realizedfrom an equally-weighted,monthlyrebalancingstrategyin which a delisted security is sold
at the last availableprice and the proceeds reinvestedequallyin the remainingsecurities.This rather
complicatedproceduretakes into account delisted securities and thereforeavoids any survivorship
bias. In [3], the securities analyzed were requiredto be listed on the NYSE throughoutboth the
groupingperiodand the subsequentperiod, so that there was a potentialsurvivorshipbias. Nonethe-
less, the results reportedthere are in substantiveagreementwith the results in Table 1.
5. If the betas are continuallychangingover time, an estimate of beta as provided by a simple
regression must be interpretedwith considerablecaution. For example, if the true beta followed a
linear time trend, it is easily shown that the estimated beta can be interpretedas an unbiased
estimateof the beta in the middleof the sampleperiod. A similarinterpretationwould not in general
hold if, for instance, the true beta followed a quadratictime trend.
Betas and Their Regression Tendencies 787
TABLE 1
BETA COEFFICIENTS FOR PORTFOLIOS
OF 100 SECURITIES

First Subsequent
Portfolio GroupingPeriod Period
7/26-6/33 7/33-6/40
1 0.50 0.61
2 0.85 0.96
3 1.15 1.24
4 1.53 1.42
7/33-6/40 7/40-6/47
1 0.38 0.56
2 0.69 0.77
3 0.90 0.91
4 1.13 1.12
5 1.35 1.31
6 1.68 1.69
7/40-6/47 7/47-6/54
1 0.43 0.60
2 0.61 0.76
3 0.73 0.88
4 0.86 0.99
5 1.00 1.10
6 1.21 1.21
7 1.61 1.36
7/47-6/54 7/54-6/6 1
1 0.36 0.57
2 0.61 0.71
3 0.78 0.88
4 0.91 0.96
5 1.01 1.03
6 1.13 1.13
7 1.26 1.24
8 1.47 1.32
7/54-6/61 7/61-6/68
1 0.37 0.62
2 0.56 0.68
3 0.72 0.85
4 0.86 0.85
5 0.99 0.95
6 1.11 0.98
7 1.23 1.07
8 1.43 1.25

be expected to be negative may best be explored by analyzing how a


security might happen to have one of the 100 lowest estimates of beta.
First, if the true beta were in the lowest hundred, the estimated beta
would fall in the lowest 100 estimates only if the error in measuringthe
beta were not too large which roughly translatesinto more negative than
positive errors. Second, if the true beta were not in the lowest 100, the
788 The Journal of Finance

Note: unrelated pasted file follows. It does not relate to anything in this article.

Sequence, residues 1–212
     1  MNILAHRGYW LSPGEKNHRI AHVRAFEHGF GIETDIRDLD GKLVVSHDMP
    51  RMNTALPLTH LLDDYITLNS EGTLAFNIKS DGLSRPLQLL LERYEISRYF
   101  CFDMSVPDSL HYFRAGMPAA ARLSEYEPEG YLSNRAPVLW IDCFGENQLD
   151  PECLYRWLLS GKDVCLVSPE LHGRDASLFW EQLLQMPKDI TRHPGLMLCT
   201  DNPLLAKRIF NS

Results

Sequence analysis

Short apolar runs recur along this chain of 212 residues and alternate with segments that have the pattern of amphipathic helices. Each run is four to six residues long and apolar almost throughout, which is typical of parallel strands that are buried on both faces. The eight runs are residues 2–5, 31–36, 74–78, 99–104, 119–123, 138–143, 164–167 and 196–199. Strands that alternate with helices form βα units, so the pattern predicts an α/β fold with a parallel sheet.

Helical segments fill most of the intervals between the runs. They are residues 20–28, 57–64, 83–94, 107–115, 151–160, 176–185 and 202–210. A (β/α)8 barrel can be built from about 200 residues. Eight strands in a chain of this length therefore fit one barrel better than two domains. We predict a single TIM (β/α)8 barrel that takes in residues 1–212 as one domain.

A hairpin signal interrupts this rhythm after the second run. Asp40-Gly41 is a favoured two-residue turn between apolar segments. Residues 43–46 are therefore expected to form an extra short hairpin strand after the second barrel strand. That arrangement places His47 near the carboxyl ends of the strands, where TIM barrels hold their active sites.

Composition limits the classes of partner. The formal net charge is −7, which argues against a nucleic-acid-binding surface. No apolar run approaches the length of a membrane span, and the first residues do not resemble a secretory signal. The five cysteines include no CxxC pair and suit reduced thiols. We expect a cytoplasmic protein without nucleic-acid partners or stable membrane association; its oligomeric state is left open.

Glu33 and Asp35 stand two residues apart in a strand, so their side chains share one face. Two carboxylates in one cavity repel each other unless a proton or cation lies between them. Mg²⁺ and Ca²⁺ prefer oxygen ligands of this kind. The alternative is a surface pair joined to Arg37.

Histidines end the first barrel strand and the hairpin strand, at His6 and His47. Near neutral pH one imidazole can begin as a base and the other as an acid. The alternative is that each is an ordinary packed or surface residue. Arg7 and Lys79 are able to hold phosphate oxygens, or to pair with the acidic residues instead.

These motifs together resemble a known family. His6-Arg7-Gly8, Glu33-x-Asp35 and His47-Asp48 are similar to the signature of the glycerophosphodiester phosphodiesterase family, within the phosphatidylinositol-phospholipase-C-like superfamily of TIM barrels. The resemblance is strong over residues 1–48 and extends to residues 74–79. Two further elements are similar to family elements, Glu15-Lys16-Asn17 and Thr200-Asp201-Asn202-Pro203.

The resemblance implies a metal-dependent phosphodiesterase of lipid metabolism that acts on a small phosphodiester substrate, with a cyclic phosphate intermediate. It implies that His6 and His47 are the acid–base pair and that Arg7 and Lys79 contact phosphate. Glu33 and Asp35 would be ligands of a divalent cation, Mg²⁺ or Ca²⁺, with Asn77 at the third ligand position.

estimated beta might still be in the lowest 100 estimates if it were
measured with a sufficiently large negative error.6
Thus, the negative errorsin the 100 smallest estimates of beta mightbe
expected to outweigh the positive errors. The same argumentexcept in
reverse would apply to the 100 largest estimates. Indeed, it would seem
that any portfolio of securities stratifiedby estimates of beta for which
the average of these estimates is not the grand mean of all betas, namely
1.0, would be subject to some order bias. It would also seem that the
absolute magnitude of this order bias should be greater, the further the
average estimate is from the grandmean. The next section formalizes this
intuitive argumentand suggests that, if it is not incorrect, it is certainly
misleading as to the source of the bias.

III. A FORMAL MODEL


The intuitive explanation of the order bias just given would seem to
suggest that the way in which the portfolios are formed caused the bias.
This section will argue that the bias is present in the estimated betas for
the individual securities and is not induced by the way in which the
portfolios are selected. Following this argumentwill be an analysis of the
extent to which this order bias accounts for the observed regression
tendency in portfolio betas over time.
A numericalexample will serve to illustratethe logic of the subsequent
argument and to introduce some required notation.7 Assume for the
moment that the possible values of beta for an individual security i in
period t, pit, are 0.8, 1.0 and 1.2 and that each of these values is equally
likely. Assume furtherthat in estimatinga beta for an individualsecurity,
there is a 0.6 probabilitythat the estimate Pit contains no measurement
error, a 0.2 probability that it understates the true Pit by 0.2, and a 0.2
probabilitythat it overstates the true value by 0.2. Now in a sample of
ten securities whose true betas were all say 0.8, one would expect two
estimates of beta to be 0.6, six to be 0.8, and two to be 1.0. These
numbers have been transcribedto the first row of Table 2. The second
and third rows are similarly constructed by first assuming that the ten
securities all had a true value of 1.0 and then of 1.2.
The rows of Table 2 thus correspond to the distribution of the esti-
mated beta, 8it, conditional on the true value, Pit. It might be noted that
the expectation of Pit conditional on uit,E(83it i ,8it) is 8it. However, in a
sampling situation, an investigator would be faced with an estimate of
beta and would want to assess the distributionof the true Pit conditional
on' the estimated P3it. Such conditional distributions correspond to the
columns of Table 2. It is easily verified that the expectation of 3jit
conditionalon f3jit E(qt i 8it) is generally not 8jit. For example, -if 8it were
6. It is theoreticallypossible that the estimatedbeta for a security whose true beta does not fall
into the lowest 100 to be in the lowest 100 estimates with a positive measurementerror if the
betas for some of the improperlyclassified securities are measuredwith sufficientlylarge positive
errors.
7. The authoris indebtedto HarryMarkowitzfor suggestingthis 'numericalexample as a way of
clarifyingthe subsequentformal development.
Betas and Their Regression Tendencies 789
TABLE 2
NUMBER OF SECURITIES CROSS
CLASSIFIED BY pit AND Pt

~it
.6 .8 1.0 1.2 1.4

.8 2 6 2
it 1.0 2 6 2
1.2 2 6 2

0.8, E(ilit Iit = 0.8) would be 0.85 since with this estimate the true beta
would be 0.8 with probability 0.75 or 1.0 with probability 0.25.8
The estimate pit, therefore, would typically be biased, and it is biased
whether or not portfolios are formed. The effect of forming large
portfolios is to reduce the randomcomponent in the estimate, so that the
difference between the estimated portfolio beta and the true portfolio
beta can be ascribed almost completely to the magnitude of the bias.